Hot Jupiters are planetary curiosities. These giant balls of gas are found very close to the stars they orbit, often at less than half the distance from the Earth to the Sun. They are strikingly hot, and take just hours or days to circle their stars. These mysterious objects were discovered about twenty years ago.
Ever since, scientists have been figuring out how these planets formed. Originally, it was thought that hot Jupiters started their lives at much greater distances from their stars, and gradually migrated inwards. In this theory, as the planet core gets closer to the central star, it picks up a coat of gas, transforming from a ball of rock to a gas giant.
Recently, the Kepler telescope has allowed astronomers to track rocky planets in other solar systems. For the first time, rocky planets have been spotted at very small distances from their stars, much closer than Mercury is to our sun. These planets were exactly the type that were expected to turn into hot Jupiters. This implied a problem with the old theory.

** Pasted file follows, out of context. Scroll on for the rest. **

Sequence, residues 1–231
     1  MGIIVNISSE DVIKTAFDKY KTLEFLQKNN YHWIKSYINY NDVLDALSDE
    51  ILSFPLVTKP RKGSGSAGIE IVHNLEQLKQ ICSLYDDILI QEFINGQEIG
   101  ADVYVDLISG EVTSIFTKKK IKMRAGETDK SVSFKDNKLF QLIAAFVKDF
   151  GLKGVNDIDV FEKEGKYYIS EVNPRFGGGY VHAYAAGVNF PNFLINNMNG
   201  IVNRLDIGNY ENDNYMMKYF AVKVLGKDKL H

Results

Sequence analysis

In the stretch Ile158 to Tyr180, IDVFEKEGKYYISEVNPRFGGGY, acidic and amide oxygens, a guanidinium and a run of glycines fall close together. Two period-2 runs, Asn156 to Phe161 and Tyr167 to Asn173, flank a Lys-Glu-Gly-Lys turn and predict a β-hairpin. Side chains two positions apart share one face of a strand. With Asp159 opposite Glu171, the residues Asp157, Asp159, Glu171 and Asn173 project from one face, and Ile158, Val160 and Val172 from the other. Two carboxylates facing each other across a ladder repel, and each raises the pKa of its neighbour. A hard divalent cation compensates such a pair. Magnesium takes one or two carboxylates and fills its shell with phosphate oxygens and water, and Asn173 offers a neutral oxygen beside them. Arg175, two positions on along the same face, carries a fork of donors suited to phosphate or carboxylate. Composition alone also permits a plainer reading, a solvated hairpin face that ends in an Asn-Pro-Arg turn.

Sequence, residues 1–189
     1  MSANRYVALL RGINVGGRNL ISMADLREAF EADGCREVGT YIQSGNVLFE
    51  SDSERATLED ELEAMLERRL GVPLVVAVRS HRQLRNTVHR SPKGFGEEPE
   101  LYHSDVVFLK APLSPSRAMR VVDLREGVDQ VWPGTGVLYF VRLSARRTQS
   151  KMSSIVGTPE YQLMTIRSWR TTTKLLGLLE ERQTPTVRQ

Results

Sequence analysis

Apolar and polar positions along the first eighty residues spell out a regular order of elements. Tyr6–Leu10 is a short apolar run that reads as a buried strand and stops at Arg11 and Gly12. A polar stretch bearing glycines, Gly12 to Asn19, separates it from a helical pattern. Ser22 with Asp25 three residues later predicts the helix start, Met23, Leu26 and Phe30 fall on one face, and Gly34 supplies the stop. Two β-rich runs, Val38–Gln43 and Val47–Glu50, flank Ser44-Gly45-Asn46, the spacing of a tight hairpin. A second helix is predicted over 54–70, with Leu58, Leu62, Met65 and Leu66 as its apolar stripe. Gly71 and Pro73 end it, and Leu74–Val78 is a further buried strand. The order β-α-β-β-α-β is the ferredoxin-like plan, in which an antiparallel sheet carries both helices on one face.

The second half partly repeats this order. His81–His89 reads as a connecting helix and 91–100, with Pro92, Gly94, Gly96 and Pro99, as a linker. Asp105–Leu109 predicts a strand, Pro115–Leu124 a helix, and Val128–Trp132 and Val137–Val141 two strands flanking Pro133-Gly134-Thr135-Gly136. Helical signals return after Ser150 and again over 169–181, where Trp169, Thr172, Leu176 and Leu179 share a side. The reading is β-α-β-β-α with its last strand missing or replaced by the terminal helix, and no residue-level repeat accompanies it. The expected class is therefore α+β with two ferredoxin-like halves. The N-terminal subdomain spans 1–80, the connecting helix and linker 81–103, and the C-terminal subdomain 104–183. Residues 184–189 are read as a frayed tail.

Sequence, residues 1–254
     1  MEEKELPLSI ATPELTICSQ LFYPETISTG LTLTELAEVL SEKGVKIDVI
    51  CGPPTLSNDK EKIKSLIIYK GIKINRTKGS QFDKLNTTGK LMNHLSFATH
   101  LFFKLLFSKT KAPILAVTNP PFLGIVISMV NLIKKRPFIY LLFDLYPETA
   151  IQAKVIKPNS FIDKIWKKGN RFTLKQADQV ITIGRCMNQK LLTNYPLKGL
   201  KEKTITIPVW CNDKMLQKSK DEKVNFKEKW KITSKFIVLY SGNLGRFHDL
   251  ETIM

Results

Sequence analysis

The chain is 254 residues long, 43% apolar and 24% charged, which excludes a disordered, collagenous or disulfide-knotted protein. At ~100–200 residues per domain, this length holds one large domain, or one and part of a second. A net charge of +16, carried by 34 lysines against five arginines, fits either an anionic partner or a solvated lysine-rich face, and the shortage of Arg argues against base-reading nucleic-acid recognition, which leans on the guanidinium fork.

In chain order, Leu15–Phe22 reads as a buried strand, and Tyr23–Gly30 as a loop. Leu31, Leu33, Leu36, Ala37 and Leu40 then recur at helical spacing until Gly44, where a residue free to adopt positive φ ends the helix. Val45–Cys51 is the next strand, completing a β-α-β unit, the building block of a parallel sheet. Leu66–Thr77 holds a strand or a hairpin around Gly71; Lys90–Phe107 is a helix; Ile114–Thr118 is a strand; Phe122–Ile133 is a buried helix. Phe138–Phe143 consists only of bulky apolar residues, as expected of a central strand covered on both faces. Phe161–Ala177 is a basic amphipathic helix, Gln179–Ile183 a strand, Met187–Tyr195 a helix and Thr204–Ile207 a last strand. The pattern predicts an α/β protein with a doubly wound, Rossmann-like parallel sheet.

However, a new model developed by Aaron Bole and two others suggests another route to hot Jupiters. One type of arrangement scientists have discovered involves several rocky planets orbiting very close to the star. This class of system is unstable: the planets eventually crash into each other and are destroyed.
The new research suggests that if the collapse of the system is slow enough, these planets can combine when they crash into each other, picking up debris and gas to become a hot Jupiter. “This is a totally different way of thinking about [hot Jupiter] formation,” said Kathryn Volk, from the University of Arizona. While the old theory still applies in some cases, these planets are now better understood than ever.